June 2020
Volume 61, Issue 7
Free
ARVO Annual Meeting Abstract  |   June 2020
Characterizing the effects of hydration on tensile properties of posterior sclera
Author Affiliations & Notes
  • Hamed Hatami-Marbini
    University of Illinois at Chicago, Chicago, Illinois, United States
  • m Pachenari
    University of Illinois at Chicago, Chicago, Illinois, United States
  • Footnotes
    Commercial Relationships   Hamed Hatami-Marbini, None; m Pachenari, None
  • Footnotes
    Support  NSF 1351461
Investigative Ophthalmology & Visual Science June 2020, Vol.61, 993. doi:
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      Hamed Hatami-Marbini, m Pachenari; Characterizing the effects of hydration on tensile properties of posterior sclera. Invest. Ophthalmol. Vis. Sci. 2020;61(7):993.

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      © ARVO (1962-2015); The Authors (2016-present)

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Abstract

Purpose : To determine hydration effects on mechanical properties of porcine sclera by performing uniaxial tensile experiments

Methods : Sclera strips in the superior-inferior direction were dissected from the posterior part of pig eyes. The strips were first dried and then soaking in PBS in order to divide them into four hydration groups of 75%, 100%, 150%, and 200%. Then, their tensile response was determined by subjecting them to ten cycles of loading and unloading. The tangent modulus, maximum strain, and hysteresis at the tenth cycle were used to compare the mechanical response of different hydration groups. The experiments were done in oil and the tensile behavior of strips right after dissection was also found.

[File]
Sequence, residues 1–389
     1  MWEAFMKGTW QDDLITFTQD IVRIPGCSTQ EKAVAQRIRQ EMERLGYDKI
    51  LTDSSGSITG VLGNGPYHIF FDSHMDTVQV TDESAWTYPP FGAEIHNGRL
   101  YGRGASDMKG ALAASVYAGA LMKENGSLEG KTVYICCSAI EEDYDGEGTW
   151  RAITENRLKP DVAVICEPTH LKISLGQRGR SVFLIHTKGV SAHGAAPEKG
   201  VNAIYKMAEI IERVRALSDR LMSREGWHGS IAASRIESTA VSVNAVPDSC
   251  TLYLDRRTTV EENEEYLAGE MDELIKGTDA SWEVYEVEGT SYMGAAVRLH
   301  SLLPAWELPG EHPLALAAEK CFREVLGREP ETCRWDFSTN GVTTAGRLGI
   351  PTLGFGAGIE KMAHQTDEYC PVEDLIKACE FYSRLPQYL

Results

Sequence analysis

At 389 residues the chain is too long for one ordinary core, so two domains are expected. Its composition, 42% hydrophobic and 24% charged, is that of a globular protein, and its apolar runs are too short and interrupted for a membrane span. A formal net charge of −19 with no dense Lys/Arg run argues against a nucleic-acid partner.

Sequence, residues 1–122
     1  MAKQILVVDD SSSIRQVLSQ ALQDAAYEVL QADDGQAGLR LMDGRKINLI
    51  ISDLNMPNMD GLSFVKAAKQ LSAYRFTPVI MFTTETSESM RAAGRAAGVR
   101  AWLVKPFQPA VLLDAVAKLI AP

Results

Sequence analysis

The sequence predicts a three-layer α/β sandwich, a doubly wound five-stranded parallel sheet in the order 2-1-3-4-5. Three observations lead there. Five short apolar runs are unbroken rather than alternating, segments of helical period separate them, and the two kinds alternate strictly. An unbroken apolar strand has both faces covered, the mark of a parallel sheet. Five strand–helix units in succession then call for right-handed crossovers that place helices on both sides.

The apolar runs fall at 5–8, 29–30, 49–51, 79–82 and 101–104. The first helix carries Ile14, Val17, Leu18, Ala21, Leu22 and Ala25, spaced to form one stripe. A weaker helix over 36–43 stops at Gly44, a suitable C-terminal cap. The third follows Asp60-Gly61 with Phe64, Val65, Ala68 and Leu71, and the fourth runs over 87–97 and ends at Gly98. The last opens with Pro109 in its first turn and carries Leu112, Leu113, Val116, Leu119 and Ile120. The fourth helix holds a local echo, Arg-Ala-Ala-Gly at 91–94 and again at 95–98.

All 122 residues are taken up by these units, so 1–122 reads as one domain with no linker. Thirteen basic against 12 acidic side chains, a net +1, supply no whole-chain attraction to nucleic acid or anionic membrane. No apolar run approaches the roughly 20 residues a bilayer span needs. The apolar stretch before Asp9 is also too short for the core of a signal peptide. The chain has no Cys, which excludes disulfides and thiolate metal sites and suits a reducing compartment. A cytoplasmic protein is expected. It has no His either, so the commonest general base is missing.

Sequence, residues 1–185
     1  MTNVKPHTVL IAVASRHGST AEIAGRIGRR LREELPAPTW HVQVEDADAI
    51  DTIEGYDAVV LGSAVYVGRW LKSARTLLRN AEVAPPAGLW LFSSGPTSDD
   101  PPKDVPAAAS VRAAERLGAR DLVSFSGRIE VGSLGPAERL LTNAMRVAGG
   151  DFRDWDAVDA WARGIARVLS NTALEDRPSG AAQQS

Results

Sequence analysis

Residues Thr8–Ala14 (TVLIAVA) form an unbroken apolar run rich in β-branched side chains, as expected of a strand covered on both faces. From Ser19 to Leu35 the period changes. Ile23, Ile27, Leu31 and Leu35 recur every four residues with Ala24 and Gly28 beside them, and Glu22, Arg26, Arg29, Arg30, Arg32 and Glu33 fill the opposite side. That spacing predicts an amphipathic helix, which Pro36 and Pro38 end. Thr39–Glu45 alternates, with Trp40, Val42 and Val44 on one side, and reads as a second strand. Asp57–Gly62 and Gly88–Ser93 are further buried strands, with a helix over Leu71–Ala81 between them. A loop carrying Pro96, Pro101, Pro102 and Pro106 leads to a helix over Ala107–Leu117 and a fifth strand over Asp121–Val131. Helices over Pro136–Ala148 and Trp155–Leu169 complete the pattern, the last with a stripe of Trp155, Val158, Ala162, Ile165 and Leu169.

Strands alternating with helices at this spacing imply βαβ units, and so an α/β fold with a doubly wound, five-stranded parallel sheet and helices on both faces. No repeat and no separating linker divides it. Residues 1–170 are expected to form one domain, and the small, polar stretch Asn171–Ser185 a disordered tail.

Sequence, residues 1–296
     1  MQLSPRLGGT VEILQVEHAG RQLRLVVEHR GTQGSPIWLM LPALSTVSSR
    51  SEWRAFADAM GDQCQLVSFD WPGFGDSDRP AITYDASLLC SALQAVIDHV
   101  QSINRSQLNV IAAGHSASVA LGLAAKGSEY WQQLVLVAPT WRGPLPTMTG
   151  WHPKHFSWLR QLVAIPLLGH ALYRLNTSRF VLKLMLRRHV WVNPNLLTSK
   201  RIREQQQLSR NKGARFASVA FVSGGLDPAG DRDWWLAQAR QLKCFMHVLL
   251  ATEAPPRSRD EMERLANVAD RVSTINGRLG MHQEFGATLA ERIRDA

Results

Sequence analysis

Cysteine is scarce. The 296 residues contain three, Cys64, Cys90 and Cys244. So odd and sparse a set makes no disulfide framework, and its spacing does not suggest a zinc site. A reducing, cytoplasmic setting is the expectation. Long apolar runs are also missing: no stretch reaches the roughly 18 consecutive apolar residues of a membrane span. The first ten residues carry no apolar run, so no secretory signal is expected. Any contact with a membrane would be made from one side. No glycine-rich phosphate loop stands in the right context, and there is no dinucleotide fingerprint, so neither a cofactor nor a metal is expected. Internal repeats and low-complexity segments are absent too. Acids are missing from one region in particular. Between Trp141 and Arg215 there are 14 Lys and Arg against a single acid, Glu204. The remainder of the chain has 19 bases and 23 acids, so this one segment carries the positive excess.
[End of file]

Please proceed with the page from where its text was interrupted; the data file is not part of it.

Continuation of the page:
Results : A significant increase in the tensile response of posterior sclera strips was found with decreasing the hydration. In particular, for samples with hydration 75%, 100%, 150%, and 200%, the maximum tensile strain was 5.1% ± 0.6%, 6.9% ± 0.5%, 7.9% ± 0.3%, and 9.3% ± 0.9%, the tangent modulus at 0.05 MPa was 4.8 ± 0.6, 3.5 ± 0.4, 2.9 ± 0.2, and 2.6 ± 0.3 MPa, the tangent modulus at 1.00 MPa was 52.6 ± 5.9, 46.5 ± 3.2, 40.7 ± 2.3, and 32.9 ± 3.9 MPa, and hysteresis was 5.1 ± 0.4, 5.5 ± 0.6, 6.0 ± 0.3, and 8.5 ± 1.8 kJ/m3, respectively.

Conclusions : Since the tensile property of posterior sclera was found to be hydration dependent, the hydration variation during the experimental measurements could significantly affect the measured sclera biomechanical properties.

This is a 2020 ARVO Annual Meeting abstract.

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